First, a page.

Throughout the book, Bruce and Remy do a great job at not just introducing the new technologies, but informing you exactly of what does and doesn't work in which browsers. Even the latest releases of browsers have some glaring bugs here and there, but where fixes are available, they are presented, and where not, workarounds explained. As a result, Introducing HTML5 is a tremendously practical book, going well beyond a surface-level introduction and straight-up teaching you how to wield these new technologies today.
One thing I am personally very happy about is how the book teaches you how to implement things in an accessible way (via ARIA or otherwise), making sure that visitors to your sites aren't left out. HTML5 is exciting, but our excitement shouldn't come at the cost of accessibility--and following Bruce and Remy's advice, it won't.
The compact but dense information in Introducing HTML5 means that in just an afternoon or two, you'll find yourself brimming with new knowledge, excitement and ideas for making your websites or web applications richer, more exciting and more powerful. All in all, a highly recommended read.
73 of 92 people found the following review helpful
4.0 out of 5 stars Great and Informative Book,
This review is from: Introducing HTML5 (Voices That Matter) (Paperback)It's hard to find informative books these days because it seems everyone claims to be a Web standards expert, and bookstores are filled with reference books that aren't worth the paper they're printed on. This book is different. It's written by two people who actually know what they're talking about and live and breathe what they're writing; it shows.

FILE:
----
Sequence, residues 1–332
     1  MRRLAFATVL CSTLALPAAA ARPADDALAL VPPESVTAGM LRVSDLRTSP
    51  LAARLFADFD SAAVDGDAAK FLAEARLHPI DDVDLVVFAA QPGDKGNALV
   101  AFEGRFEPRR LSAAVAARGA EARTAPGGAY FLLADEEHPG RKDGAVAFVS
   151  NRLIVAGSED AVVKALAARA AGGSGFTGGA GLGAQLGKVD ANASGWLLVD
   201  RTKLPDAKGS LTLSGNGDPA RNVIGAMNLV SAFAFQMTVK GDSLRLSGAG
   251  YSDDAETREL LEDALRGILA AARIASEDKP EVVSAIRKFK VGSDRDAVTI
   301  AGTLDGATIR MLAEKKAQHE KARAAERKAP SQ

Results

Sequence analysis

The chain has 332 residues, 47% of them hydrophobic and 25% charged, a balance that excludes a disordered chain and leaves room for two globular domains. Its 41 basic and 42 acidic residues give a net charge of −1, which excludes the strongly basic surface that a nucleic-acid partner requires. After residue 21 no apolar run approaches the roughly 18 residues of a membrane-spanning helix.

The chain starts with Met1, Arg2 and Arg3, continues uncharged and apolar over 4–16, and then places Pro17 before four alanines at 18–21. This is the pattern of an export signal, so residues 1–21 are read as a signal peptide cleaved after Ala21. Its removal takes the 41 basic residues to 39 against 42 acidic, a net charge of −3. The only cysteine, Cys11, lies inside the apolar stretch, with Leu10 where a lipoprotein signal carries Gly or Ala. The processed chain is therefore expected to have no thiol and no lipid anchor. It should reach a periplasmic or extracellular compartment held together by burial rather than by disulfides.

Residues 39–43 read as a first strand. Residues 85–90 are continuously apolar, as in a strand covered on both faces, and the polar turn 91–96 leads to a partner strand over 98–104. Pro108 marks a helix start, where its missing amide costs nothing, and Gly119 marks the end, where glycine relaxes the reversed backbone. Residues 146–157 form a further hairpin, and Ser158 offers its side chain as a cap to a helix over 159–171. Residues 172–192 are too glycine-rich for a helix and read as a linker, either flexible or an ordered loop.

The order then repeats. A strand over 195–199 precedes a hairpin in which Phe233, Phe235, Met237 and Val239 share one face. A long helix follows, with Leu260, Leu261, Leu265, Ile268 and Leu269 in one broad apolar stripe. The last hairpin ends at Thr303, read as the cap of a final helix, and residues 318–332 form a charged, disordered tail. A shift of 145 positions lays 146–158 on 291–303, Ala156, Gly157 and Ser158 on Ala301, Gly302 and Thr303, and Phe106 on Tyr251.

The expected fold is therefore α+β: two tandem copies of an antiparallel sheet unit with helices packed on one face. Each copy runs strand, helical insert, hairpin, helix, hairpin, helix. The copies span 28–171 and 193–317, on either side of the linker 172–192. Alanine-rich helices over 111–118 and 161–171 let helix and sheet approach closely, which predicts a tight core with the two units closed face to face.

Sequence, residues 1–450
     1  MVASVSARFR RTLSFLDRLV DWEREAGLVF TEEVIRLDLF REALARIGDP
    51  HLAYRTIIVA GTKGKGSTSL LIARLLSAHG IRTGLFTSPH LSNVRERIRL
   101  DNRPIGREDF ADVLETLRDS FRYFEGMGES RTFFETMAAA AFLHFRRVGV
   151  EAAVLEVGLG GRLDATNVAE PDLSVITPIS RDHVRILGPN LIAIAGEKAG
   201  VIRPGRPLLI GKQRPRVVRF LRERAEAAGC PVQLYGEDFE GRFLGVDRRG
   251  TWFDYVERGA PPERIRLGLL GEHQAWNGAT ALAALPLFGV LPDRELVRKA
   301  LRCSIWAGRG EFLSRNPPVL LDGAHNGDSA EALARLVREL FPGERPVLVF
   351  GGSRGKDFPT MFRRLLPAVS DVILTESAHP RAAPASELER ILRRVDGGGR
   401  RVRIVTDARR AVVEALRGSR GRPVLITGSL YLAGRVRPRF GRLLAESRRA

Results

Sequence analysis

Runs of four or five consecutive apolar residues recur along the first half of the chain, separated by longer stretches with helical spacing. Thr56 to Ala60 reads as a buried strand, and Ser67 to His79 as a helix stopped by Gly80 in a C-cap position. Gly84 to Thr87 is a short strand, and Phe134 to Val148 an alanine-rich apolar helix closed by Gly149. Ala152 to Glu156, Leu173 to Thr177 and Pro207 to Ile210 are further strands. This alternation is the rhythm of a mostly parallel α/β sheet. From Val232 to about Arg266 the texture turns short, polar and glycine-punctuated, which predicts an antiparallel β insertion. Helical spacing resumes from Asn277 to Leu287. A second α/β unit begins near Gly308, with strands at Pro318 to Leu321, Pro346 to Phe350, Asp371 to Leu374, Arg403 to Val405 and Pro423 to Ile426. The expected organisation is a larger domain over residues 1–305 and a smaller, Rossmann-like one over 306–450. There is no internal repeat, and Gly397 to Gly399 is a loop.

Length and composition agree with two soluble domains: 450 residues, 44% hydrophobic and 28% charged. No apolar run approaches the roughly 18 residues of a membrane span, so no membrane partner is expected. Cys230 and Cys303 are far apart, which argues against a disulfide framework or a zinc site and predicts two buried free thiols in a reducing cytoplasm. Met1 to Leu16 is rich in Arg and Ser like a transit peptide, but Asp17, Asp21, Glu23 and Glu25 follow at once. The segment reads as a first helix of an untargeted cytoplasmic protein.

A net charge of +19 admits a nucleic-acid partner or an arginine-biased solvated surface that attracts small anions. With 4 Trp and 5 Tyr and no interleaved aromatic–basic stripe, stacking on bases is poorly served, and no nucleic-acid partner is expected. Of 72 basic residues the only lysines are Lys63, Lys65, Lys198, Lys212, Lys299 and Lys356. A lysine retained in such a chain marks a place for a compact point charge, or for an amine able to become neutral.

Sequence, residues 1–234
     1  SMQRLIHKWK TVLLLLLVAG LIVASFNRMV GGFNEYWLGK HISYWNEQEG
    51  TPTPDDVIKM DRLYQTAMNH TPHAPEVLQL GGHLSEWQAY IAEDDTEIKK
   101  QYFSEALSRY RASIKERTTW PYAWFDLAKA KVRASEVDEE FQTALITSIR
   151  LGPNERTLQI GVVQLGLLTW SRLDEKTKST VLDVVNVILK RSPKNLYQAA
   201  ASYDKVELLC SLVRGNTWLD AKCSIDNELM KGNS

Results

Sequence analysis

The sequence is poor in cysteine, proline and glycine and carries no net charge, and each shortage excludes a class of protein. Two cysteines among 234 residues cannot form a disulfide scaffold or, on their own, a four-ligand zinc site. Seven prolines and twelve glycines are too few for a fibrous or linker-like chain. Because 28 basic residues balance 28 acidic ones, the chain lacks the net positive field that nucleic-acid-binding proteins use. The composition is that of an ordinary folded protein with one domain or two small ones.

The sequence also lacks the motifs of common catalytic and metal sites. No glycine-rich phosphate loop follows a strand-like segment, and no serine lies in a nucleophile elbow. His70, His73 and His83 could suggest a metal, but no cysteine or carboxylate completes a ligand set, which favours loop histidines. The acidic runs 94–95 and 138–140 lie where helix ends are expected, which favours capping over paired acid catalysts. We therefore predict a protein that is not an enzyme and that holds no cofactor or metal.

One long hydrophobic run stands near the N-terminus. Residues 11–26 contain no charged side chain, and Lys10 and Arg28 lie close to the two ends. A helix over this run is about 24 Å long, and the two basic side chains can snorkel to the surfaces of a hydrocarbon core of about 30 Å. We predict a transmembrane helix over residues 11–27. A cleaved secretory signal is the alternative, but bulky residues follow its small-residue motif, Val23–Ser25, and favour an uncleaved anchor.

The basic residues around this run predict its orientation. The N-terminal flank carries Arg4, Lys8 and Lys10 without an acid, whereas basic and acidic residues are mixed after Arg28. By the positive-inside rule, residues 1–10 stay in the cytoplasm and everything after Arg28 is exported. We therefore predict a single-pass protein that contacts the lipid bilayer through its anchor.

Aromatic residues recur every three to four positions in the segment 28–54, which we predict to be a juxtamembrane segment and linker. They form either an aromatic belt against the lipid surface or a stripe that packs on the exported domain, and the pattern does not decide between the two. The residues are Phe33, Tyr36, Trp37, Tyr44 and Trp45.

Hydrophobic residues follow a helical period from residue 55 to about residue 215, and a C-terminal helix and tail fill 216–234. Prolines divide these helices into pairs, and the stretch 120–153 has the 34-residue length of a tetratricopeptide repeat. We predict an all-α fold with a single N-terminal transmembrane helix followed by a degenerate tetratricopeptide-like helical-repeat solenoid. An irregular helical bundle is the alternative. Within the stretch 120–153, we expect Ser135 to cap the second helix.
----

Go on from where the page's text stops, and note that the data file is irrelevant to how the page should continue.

Many have recently purchased "HTML5 for Web Designers" by Jeremy Keith. It covers many of the things described in this book and does a very good job, but it's not long enough to go into any necessary and helpful detail as it's only 85 pages. This book only costs a few more dollars and is more than double its size and detail. I'd strongly suggest buying this book instead of that one.
"Introducing HTML5" is far from a stuffy reference manual as it contains lots of little jokes within to maintain the reader's full attention, and there's not so much there to make the book seem silly. The book is, while not overly wordy, extremely informative. Mostly what is the most important part of understanding HTML5 are the semantics that are involved in using the new elements, and the book goes into great detail with plenty of examples on exactly how to markup documents using the new elements HTML5 provides. That's only just a portion of the book. WAI-ARIA, Audio and Video, Canvas, Data Storage, Geolocation, etc. are all also presented in ample detail.